Reminiscences of the Civil War

By John B. Gordon | Go to book overview

CHAPTER XXVII
CAPTURE OF FORT STEDMAN

In the trenches at Petersburg -- General Lee's instructions -- A daring plan formed -- Preparations for a night assault -- An ingenious war ruse -- The fort captured with small loss -- Failure of reinforcements to arrive -- Loss of guides -- Necessary withdrawal from the fort -- The last effort to break Grant's hold.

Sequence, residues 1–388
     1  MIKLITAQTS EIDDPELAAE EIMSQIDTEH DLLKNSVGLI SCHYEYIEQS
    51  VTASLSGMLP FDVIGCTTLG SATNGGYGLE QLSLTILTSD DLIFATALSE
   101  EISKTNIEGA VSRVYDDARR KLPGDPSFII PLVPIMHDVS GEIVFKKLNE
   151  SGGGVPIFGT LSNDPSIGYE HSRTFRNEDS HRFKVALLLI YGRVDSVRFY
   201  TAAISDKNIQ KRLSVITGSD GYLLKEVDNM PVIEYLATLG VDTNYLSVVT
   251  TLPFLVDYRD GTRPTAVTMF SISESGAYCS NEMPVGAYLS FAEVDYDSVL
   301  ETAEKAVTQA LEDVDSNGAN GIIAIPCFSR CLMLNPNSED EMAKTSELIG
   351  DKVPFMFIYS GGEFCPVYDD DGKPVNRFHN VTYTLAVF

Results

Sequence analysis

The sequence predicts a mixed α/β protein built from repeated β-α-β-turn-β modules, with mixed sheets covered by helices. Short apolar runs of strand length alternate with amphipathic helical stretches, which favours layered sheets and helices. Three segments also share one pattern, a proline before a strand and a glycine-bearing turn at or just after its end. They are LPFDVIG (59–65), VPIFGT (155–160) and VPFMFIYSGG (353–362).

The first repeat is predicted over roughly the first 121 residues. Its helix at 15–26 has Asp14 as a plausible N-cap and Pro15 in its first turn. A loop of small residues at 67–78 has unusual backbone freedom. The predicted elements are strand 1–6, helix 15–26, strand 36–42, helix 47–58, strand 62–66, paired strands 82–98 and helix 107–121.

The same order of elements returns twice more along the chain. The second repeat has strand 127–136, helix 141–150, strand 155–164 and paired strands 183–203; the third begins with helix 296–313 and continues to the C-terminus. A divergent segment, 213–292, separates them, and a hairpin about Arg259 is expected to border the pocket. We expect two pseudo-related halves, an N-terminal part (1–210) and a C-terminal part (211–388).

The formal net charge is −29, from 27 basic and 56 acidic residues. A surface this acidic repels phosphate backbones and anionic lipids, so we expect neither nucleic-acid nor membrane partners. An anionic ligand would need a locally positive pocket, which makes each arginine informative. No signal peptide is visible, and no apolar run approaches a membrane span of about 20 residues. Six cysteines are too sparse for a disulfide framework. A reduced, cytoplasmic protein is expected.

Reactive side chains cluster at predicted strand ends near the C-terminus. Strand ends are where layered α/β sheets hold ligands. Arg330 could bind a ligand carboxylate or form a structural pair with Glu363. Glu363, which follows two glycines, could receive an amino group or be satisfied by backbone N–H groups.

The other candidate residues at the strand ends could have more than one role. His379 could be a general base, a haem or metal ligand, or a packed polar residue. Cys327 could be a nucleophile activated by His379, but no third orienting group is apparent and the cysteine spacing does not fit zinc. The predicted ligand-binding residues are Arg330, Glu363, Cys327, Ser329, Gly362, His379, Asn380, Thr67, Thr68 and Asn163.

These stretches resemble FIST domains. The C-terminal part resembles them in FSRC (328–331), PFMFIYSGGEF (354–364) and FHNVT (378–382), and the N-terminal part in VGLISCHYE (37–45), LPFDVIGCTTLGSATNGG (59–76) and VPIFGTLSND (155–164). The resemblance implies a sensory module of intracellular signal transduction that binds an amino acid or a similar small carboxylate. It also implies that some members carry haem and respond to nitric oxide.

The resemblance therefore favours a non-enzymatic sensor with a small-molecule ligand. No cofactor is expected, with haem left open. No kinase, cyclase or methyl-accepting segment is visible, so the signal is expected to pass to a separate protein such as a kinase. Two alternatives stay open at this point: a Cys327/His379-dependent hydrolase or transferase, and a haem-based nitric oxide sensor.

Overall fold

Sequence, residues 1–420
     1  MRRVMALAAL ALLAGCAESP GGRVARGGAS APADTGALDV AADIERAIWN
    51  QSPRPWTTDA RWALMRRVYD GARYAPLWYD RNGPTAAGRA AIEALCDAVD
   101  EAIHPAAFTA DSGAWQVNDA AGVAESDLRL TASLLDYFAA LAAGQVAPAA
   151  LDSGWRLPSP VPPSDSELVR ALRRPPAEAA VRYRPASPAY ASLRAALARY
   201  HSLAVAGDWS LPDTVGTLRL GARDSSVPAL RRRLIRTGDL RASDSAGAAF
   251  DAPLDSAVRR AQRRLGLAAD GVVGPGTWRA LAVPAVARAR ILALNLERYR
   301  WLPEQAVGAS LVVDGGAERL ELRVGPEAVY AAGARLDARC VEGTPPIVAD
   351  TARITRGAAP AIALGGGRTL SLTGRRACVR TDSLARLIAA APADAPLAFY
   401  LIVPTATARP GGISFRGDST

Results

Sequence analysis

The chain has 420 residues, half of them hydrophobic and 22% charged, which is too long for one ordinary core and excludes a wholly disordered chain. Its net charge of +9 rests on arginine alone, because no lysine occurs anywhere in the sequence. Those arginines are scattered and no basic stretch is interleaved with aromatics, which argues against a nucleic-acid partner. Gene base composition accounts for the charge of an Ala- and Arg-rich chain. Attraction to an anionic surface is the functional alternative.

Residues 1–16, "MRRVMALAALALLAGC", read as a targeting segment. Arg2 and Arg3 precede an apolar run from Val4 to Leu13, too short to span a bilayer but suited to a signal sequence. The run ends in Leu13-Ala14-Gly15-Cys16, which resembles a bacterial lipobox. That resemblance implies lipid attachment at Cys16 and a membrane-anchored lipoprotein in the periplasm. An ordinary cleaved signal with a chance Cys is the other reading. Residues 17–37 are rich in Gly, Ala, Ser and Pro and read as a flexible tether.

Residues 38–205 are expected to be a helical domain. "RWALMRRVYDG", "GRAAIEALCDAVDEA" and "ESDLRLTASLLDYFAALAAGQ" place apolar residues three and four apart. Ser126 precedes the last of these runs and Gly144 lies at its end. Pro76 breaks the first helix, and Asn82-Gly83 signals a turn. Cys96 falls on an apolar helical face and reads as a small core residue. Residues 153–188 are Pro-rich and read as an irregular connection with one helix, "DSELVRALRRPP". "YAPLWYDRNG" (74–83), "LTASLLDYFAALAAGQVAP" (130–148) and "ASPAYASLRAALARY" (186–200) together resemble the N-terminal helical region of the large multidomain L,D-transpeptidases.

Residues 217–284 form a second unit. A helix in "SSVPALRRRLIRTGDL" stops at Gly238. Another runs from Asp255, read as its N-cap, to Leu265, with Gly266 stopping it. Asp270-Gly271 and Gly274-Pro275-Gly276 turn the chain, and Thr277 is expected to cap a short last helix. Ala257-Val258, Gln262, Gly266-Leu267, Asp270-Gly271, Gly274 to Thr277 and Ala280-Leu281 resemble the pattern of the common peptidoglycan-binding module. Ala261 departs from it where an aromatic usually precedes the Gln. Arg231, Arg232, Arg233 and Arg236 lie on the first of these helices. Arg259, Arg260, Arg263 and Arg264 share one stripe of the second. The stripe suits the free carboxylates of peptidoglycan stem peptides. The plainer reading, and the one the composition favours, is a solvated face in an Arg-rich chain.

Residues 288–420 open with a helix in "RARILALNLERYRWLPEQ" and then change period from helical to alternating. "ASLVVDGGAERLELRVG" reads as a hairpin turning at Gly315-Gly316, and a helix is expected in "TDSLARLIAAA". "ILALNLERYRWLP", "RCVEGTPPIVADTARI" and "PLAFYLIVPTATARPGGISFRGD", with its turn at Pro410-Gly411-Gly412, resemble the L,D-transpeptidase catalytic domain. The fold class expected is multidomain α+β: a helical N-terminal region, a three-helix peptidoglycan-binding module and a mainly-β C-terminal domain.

LIKE fires that consume the dross and make pure the metal, Confederate distress and extremity seemed to strengthen and ennoble rather than weaken Confederate manhood. My hungry and debilitated men welcomed with a readiness intensely pathetic the order to break camp and move into the trenches at Petersburg. Their buoyancy of spirit was in no degree due to a lack of appreciation of the meaning of that night march. They were not mere machine soldiers, moved by a superior intelligence to which they blindly yielded obedience. They were thoughtful men, with naturally keen perceptions sharpened by long experience in actual war. They well knew that the order meant more suffering, more fighting, more slaughter; yet, if their conduct and assurances are trustworthy witnesses, these men were prepared for any additional sacrifices. There was no shouting or yelling; but silently, quickly, and cheerfully they folded their little sheet tents, packed their frying-pans and tin cups, and were promptly in line, with their knapsacks on their backs, their lean and empty haversacks on one side and

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